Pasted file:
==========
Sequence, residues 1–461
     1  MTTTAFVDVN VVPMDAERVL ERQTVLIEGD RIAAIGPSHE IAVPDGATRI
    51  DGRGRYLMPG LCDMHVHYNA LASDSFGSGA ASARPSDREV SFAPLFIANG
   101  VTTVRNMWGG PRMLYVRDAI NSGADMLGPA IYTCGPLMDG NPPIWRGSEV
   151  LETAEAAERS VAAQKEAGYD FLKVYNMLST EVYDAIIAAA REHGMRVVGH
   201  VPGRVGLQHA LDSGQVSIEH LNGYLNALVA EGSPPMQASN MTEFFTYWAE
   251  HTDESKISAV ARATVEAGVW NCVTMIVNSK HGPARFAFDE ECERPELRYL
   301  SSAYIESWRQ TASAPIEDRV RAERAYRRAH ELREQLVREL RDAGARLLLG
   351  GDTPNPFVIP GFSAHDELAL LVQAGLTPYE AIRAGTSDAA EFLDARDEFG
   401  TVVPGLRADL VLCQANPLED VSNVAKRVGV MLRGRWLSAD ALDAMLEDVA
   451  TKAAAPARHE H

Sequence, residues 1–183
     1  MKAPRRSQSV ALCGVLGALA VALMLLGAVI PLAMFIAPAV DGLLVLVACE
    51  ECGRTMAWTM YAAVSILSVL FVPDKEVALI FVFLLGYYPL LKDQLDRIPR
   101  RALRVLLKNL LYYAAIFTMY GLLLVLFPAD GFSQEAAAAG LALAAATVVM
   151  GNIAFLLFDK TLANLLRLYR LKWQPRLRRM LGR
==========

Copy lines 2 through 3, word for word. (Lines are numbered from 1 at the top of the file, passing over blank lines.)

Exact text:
     1  MTTTAFVDVN VVPMDAERVL ERQTVLIEGD RIAAIGPSHE IAVPDGATRI
    51  DGRGRYLMPG LCDMHVHYNA LASDSFGSGA ASARPSDREV SFAPLFIANG